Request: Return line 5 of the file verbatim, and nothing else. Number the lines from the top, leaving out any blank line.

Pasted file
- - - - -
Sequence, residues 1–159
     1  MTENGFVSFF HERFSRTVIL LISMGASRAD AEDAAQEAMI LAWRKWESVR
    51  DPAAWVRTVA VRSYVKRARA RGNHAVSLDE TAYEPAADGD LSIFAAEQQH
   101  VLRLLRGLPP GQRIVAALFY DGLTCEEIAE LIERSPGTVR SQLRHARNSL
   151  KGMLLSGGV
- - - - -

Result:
   151  KGMLLSGGV